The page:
Manifold House / Matt Fajkus Architecture
Text description provided by the architects. Manifold House is a straightforward gable form sliced open to create a series of unique spatial experiences that capitalize on the varied relationships between the building, the user, and the natural site context. Marrying a three-story program with a hilltop site, the home is partially embedded into its hilltop site connecting to the sky and surrounding vistas by building up.
The design seeks to reinterpret the farmhouse typology by combining its core elements with the functional relationships, multilayered spaces, and site sensitivity that characterize a modern home. The typological elements include a simple gable form with repeated regular openings and a central entry and stair while volumetric carving into the gable form and united multi-story openings connect the building and its occupants with the landscape. On the interior, these carved volumetric elements and their consolidated glazing open up to the site through curated views to the immediate surroundings and trees, as well as the lake in the distance.
The entry of the house serves as a manifold, a single intake position from which the flows of daily work and life are distributed. After crossing a short bridge and entering the home, the visitor is aware of their elevated position with respect to the surrounding landscape as well as within the home. From this point, one can move upstairs through a light-filled stairwell to the private spaces of the home, laterally to the home office, or descend to the main kitchen, living and dining spaces which are set partially below grade.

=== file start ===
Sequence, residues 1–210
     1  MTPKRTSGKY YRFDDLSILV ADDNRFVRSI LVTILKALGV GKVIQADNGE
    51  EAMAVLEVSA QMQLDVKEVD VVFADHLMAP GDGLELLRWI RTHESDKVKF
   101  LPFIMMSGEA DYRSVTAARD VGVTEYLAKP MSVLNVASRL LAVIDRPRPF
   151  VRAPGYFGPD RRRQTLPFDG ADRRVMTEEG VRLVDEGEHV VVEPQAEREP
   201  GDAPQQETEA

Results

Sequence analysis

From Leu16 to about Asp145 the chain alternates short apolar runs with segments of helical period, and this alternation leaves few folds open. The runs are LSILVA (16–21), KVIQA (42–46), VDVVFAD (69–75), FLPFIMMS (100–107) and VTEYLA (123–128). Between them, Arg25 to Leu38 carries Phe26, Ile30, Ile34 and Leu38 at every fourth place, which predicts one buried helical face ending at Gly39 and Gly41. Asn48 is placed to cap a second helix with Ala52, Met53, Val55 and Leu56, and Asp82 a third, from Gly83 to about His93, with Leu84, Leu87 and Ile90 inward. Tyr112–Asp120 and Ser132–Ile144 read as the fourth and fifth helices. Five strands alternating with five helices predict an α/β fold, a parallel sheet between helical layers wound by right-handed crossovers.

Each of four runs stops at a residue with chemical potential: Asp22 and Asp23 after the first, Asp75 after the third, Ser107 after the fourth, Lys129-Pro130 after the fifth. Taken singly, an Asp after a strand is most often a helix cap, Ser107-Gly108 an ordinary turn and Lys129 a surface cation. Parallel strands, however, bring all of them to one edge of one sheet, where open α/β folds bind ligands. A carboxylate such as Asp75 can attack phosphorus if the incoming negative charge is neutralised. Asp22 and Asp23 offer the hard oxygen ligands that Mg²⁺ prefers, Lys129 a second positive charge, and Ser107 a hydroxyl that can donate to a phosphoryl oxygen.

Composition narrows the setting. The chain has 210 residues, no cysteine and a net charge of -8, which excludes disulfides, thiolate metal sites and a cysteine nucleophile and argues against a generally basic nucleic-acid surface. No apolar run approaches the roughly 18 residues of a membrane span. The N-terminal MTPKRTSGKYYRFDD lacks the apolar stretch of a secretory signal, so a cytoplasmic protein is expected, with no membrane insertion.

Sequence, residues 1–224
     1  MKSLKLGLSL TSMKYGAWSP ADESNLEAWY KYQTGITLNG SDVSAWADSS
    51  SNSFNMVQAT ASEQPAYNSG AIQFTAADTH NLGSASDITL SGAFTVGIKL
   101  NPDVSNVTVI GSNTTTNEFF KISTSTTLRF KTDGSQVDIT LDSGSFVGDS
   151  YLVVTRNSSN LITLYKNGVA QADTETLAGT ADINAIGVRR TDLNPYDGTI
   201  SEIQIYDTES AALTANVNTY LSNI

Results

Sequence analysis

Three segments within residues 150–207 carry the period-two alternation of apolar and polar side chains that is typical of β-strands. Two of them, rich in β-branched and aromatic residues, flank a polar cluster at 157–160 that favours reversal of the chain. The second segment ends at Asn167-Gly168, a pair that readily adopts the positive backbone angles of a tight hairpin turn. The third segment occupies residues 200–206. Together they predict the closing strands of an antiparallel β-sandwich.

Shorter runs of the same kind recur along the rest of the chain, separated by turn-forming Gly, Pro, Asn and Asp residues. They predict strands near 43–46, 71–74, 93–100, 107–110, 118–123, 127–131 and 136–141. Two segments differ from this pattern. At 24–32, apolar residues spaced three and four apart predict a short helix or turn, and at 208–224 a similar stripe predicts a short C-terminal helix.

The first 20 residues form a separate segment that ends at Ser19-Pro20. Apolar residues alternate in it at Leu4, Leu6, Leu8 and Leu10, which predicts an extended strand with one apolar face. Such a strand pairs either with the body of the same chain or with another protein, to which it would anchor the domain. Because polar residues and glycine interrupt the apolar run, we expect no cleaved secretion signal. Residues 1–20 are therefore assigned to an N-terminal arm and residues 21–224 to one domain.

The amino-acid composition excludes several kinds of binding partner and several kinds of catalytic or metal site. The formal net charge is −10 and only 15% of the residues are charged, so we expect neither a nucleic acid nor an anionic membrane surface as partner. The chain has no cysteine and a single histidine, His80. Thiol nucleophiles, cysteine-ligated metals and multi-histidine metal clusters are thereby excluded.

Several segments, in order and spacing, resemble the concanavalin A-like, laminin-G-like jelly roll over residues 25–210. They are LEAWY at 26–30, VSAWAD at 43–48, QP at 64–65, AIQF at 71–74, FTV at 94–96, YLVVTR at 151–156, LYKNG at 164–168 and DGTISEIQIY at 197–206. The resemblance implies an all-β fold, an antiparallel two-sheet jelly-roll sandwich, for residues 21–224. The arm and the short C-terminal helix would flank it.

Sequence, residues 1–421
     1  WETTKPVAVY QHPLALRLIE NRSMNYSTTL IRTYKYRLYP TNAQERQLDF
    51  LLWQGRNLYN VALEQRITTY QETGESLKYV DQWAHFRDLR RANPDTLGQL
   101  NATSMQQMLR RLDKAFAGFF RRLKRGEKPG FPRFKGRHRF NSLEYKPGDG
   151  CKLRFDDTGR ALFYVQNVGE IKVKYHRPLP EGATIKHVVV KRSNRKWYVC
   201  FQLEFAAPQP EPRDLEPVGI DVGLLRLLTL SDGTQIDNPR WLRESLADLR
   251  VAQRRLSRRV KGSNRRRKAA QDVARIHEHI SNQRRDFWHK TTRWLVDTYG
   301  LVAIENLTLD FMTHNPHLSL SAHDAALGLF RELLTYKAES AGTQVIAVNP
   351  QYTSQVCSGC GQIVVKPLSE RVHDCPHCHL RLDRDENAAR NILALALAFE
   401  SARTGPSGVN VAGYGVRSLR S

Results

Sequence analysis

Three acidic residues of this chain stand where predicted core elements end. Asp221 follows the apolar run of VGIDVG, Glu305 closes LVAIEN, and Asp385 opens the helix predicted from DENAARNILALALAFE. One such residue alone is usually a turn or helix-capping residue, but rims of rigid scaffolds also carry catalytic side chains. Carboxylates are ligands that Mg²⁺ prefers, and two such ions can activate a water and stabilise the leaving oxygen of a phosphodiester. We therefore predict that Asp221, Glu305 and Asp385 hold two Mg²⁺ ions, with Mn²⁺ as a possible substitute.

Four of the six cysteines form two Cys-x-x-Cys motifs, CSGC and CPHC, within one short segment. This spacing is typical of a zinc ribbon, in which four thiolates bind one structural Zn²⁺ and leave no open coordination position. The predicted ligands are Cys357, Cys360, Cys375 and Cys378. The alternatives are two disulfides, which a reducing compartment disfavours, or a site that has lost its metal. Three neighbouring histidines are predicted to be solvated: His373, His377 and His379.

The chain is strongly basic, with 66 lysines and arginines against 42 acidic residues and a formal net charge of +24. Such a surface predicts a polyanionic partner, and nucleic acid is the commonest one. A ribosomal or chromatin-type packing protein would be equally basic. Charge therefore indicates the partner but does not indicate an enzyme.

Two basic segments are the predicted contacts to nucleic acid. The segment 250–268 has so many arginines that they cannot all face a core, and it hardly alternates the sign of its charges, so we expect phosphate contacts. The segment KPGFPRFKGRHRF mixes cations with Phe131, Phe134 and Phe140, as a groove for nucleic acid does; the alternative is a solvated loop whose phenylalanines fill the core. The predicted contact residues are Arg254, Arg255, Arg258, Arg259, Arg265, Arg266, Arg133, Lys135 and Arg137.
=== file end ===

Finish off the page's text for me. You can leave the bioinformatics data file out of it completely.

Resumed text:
The play between the seamless shell and modern insertions stemmed from balancing the inward-focused lifestyle of the owner with the outward nature of a hilltop site in both overall forms as well as an interior experience. On the exterior, the form of the house is articulated with a rusticated stone base that interacts with land and creates a base upon which an elevated stucco volume sits. The walls of the stucco volume are thickened and carved in to provide shade in combination with the site’s preserved trees. However, on the interior, connections to the site and nature are created through intentionally inward and intimate moments.
The kitchen and dining space is submerged into the hilltop but separated from the site’s main retaining wall to create a pocket for light to spill in from above. The dining area is a built-in nook at the center of the house but visually connected to the outdoor courtyard created by the retaining wall which tucks the house into the hilltop and is further sheltered by the entry bridge above.
The stairwell occupies one of the areas of united multi-story glazing, however, views are scaled to the human body through smaller windows banked together. On the uppermost story of the house, the skylights that illuminate the bedroom corridor are tucked into deep recesses, tempering daylight and providing a sense of shelter despite the elevated location within the house and exposed nature of the hilltop site.